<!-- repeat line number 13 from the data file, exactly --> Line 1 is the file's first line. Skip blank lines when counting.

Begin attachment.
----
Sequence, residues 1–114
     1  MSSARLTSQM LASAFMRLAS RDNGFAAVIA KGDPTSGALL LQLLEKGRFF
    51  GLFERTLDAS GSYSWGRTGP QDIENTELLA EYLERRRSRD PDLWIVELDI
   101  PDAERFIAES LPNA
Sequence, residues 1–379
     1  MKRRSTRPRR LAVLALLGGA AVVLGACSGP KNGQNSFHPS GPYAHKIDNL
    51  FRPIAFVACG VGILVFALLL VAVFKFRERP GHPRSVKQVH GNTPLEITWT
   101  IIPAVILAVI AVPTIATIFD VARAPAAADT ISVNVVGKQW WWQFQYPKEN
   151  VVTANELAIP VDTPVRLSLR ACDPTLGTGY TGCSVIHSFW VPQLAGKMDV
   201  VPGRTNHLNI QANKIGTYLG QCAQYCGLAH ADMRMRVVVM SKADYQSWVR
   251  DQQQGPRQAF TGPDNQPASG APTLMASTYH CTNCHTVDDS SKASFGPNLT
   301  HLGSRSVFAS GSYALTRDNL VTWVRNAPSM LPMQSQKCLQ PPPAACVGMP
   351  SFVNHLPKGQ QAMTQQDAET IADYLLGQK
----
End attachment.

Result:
   351  SFVNHLPKGQ QAMTQQDAET IADYLLGQK